To-ji, incidentally, has a flea market every two weeks. But this is no ordinary flea market, my friend. No, it is simply THE MOST AMAZING FLEA MARKET I'VE EVER SEEN (and I've seen a few). It covered the entire grounds of To-ji and spilled outside its gates onto the sidewalk. They had EVERYTHING there. Food, handcrafted things, clothes, antiques, jewelry, books, art, phallic objects ... everything. I panicked. And I am not at liberty to divulge most of what I bought, as it was the majority of my gifts for people.
Saturday I decided I was tired of planning and meeting and rushing around. Ben and Jake and I started to wander about Kyoto aimlessly, but then decided to visit Fushimi Inari shrine -- the one with the endless tunnels made of orangey-red torii gates. It turned out to be a short, cheap bus ride away.
The place is so vast that over the course of six hours I did not even get to see the whole grounds. There were too many white people in the main shrine area so we ran away down some stairs and discovered a deserted graveyard straight out of a ghost story or possibly Spirited Away, the path to which was littered with half-buried, broken fox statues and offertory vessels.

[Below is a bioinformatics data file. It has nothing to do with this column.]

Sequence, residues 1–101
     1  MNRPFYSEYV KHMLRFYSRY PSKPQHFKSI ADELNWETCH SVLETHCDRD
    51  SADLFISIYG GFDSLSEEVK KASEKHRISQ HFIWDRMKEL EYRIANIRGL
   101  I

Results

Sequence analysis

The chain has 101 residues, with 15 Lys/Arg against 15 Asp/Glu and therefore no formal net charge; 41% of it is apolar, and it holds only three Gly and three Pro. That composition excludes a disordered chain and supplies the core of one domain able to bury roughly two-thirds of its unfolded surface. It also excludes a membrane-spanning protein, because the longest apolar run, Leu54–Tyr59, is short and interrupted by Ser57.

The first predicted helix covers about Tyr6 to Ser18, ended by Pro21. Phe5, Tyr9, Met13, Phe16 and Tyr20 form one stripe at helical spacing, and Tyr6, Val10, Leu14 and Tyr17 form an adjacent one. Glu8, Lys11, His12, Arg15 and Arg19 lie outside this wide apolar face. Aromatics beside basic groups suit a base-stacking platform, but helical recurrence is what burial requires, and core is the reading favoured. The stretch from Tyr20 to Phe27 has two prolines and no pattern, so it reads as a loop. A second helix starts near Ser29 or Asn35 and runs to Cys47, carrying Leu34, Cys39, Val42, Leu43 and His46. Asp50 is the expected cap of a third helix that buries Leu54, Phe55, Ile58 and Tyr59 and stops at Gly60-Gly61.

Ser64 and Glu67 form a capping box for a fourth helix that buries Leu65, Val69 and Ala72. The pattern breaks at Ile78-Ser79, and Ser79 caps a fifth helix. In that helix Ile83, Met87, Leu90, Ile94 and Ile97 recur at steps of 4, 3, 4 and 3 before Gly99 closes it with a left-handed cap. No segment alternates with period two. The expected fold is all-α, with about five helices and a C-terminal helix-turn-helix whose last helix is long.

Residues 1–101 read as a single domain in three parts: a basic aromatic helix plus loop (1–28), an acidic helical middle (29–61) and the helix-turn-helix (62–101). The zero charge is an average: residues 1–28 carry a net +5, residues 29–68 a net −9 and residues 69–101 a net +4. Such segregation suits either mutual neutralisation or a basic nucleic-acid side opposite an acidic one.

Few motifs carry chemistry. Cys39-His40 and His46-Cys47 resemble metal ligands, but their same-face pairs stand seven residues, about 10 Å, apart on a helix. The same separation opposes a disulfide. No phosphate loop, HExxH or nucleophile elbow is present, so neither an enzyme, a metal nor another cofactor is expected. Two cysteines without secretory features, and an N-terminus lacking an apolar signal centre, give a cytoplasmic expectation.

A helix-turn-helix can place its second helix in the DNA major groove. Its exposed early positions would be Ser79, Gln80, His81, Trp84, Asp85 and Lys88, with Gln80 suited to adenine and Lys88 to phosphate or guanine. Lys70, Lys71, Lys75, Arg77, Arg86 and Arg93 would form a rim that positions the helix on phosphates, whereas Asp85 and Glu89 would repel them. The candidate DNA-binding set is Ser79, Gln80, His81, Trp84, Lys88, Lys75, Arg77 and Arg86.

Then we discovered dirt paths to nowhere. They took us up a hill, by a lake, past a bamboo grove ... and then back to the main Shrine path.
Ben left and Jake and I hiked up a bajillion stairs at the suggestion of an old Japanese man who stopped to bow at every altar along the way, whenever he wasn't accosting energetic couples to tell them to climb "yukkuri!" (slowly). At the top we found the promised "nice view," and it was glorious. So we sat there for a long time and I drew the cityscape.
In other news, Melanie and I disgraced ourselves by reflexively bowing to a young Japanese guy we had just had drinks with. It was really super fucking awkward and he was freaked out and we felt like doofuses and so on the way home we bought ourselves pastries at a Circle-K and defiantly ate them while walking to prove we were actually rebels.